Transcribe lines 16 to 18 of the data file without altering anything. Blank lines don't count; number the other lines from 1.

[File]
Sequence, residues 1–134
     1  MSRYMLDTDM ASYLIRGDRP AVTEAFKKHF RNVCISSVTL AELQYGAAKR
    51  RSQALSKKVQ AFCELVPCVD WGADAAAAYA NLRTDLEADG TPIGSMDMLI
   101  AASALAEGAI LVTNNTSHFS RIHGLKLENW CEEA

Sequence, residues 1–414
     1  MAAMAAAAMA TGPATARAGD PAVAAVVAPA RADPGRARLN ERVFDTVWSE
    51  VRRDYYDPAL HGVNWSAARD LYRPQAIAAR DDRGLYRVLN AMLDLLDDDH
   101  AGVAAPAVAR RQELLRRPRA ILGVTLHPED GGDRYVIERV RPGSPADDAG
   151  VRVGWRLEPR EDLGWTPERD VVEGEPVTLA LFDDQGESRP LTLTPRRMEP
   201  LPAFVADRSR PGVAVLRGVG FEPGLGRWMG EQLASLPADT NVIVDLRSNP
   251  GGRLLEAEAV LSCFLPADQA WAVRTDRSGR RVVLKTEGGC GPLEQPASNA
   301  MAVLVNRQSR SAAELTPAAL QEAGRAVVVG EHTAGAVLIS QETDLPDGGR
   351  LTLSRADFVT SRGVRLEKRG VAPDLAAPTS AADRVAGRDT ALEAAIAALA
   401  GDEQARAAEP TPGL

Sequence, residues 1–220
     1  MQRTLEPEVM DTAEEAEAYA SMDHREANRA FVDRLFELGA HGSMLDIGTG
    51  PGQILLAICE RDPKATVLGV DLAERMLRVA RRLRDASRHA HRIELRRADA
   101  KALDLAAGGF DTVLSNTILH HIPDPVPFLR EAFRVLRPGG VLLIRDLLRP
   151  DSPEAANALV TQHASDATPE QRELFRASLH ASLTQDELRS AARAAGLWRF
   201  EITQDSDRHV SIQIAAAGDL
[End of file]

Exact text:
     1  MQRTLEPEVM DTAEEAEAYA SMDHREANRA FVDRLFELGA HGSMLDIGTG
    51  PGQILLAICE RDPKATVLGV DLAERMLRVA RRLRDASRHA HRIELRRADA
   101  KALDLAAGGF DTVLSNTILH HIPDPVPFLR EAFRVLRPGG VLLIRDLLRP